Splitting 5v and ground wires

I am about to bring my circuit out from my breadboard. At this time, a few of the components are sharing the same 5v and ground connections on the breadboard into the Arduino board.

I’m planning to solder the wires such that they split from a wire connected to the 5v pin on the Arduino. In other words, I have one wire connected to the 5v pin, and then solder 3 short wires to the other end of that wire connected to Arduino’s 5v pin. The components will then be soldered to the short wires splitted out from the 5v wire. I’m planning to do the same for the ground wire too. This is a picture to illustrate my plan:

So, in the diagram above, the grey dots represent soldered regions and the circles with a cross in it represent the components. Basically, I’m planning to literally split the connection of the wire by soldering multiple wires to another wire. Would this be a problem? Are there any better ways to approach this problem?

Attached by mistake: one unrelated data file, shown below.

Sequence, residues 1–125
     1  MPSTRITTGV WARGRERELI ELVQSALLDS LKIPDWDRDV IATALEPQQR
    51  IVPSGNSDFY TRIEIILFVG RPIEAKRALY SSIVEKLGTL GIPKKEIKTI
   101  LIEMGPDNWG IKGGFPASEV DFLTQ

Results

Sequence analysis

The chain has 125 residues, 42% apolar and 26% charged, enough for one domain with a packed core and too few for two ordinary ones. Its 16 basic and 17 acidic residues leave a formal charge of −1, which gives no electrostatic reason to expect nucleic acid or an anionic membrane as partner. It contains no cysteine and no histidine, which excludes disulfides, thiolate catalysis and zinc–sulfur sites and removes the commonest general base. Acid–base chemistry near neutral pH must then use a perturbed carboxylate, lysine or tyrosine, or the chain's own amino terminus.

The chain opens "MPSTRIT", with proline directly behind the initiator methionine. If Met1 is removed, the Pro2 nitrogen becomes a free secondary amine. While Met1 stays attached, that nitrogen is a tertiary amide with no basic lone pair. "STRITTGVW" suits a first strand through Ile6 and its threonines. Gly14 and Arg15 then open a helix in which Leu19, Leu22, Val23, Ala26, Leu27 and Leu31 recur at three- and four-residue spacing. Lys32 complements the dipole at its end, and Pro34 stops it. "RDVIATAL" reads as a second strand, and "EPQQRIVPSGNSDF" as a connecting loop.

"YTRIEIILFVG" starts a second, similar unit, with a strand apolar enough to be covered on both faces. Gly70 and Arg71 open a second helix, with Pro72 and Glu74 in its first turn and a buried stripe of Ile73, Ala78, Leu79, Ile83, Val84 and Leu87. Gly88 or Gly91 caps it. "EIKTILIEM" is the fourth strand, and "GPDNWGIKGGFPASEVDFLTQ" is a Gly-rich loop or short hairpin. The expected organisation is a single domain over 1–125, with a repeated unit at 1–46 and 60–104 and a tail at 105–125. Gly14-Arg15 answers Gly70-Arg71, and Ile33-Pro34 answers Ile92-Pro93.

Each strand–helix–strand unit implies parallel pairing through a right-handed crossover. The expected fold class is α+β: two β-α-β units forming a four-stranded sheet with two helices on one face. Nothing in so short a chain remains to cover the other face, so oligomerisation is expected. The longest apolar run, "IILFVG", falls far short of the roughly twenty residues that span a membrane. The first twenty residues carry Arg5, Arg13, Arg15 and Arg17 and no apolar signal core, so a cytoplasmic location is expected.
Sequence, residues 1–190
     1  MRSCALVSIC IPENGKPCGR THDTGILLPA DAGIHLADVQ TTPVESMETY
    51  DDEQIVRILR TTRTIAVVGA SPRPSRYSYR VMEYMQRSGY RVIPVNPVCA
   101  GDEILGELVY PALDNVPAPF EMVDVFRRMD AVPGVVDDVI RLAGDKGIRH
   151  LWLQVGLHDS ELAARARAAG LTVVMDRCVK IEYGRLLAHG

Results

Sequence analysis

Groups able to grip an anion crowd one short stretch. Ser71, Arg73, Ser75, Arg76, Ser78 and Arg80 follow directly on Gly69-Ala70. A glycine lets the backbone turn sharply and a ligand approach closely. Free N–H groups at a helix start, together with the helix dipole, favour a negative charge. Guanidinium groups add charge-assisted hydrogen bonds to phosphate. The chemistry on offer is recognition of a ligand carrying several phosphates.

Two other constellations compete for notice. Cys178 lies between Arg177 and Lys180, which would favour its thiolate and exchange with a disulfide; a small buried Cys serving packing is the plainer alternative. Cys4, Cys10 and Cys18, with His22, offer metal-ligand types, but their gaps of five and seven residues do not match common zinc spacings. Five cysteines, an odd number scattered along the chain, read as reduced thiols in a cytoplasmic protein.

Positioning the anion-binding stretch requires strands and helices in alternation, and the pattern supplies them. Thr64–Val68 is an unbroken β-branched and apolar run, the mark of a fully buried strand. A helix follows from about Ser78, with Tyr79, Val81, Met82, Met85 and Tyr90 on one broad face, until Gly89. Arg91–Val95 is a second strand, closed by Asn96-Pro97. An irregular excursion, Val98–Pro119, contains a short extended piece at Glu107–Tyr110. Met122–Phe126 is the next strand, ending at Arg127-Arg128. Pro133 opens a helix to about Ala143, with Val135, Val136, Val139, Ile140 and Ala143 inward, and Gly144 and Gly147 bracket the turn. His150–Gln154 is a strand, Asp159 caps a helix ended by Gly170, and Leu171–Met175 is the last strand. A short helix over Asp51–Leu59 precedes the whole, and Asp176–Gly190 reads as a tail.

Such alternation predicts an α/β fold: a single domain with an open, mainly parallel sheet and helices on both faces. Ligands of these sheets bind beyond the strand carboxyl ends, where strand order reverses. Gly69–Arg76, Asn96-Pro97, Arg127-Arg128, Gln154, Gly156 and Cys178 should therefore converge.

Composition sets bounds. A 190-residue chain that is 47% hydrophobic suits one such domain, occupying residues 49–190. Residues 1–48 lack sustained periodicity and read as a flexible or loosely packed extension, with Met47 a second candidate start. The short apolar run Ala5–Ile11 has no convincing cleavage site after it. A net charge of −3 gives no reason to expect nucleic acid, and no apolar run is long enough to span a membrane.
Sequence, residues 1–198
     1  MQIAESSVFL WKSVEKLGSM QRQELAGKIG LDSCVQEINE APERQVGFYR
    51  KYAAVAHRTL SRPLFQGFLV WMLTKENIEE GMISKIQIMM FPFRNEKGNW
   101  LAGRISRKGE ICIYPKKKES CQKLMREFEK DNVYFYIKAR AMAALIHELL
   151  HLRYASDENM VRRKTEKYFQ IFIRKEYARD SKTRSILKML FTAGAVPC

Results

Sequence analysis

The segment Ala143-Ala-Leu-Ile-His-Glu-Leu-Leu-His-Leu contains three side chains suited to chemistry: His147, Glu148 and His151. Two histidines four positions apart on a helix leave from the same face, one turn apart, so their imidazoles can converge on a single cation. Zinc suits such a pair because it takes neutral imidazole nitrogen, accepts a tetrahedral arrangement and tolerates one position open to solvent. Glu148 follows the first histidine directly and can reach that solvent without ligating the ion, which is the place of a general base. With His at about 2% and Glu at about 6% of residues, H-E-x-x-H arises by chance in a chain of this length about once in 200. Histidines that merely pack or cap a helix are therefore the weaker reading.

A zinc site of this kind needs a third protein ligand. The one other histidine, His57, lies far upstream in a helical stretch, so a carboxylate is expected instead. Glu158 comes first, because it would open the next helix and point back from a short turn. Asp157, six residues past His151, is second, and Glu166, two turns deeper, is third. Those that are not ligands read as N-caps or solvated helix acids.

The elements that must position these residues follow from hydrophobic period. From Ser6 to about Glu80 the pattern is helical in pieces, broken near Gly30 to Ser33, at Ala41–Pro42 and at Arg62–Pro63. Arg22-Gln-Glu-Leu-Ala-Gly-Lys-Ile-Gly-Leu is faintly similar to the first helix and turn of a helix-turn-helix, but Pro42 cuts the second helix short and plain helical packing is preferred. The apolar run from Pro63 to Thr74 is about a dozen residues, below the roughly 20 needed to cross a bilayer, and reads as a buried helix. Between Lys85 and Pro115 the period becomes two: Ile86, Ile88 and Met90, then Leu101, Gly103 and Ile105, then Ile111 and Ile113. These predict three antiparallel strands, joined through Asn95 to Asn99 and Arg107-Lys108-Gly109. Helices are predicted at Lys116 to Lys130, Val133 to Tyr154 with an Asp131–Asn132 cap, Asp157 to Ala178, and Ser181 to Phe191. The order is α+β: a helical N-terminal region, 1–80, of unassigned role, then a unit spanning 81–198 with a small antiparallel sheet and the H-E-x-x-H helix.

Only one thing concerns me, total current load…

When I connect the different components into the same row on the breadboard which connects to the 5v pin on Arduino, is it actually do the same thing when I split the wires like in the diagram I drew above?

When I have them on the breadboard, all the components seem to work fine. Does this mean the total current load is sufficient if all the components are working?

Then it'll be fine ....

What you have in that diagram is what is known as a star wiring system. This is a good way to wire things up especially with heavy current and analogue inputs.
However most times the simpler chaining wiring is sufficient.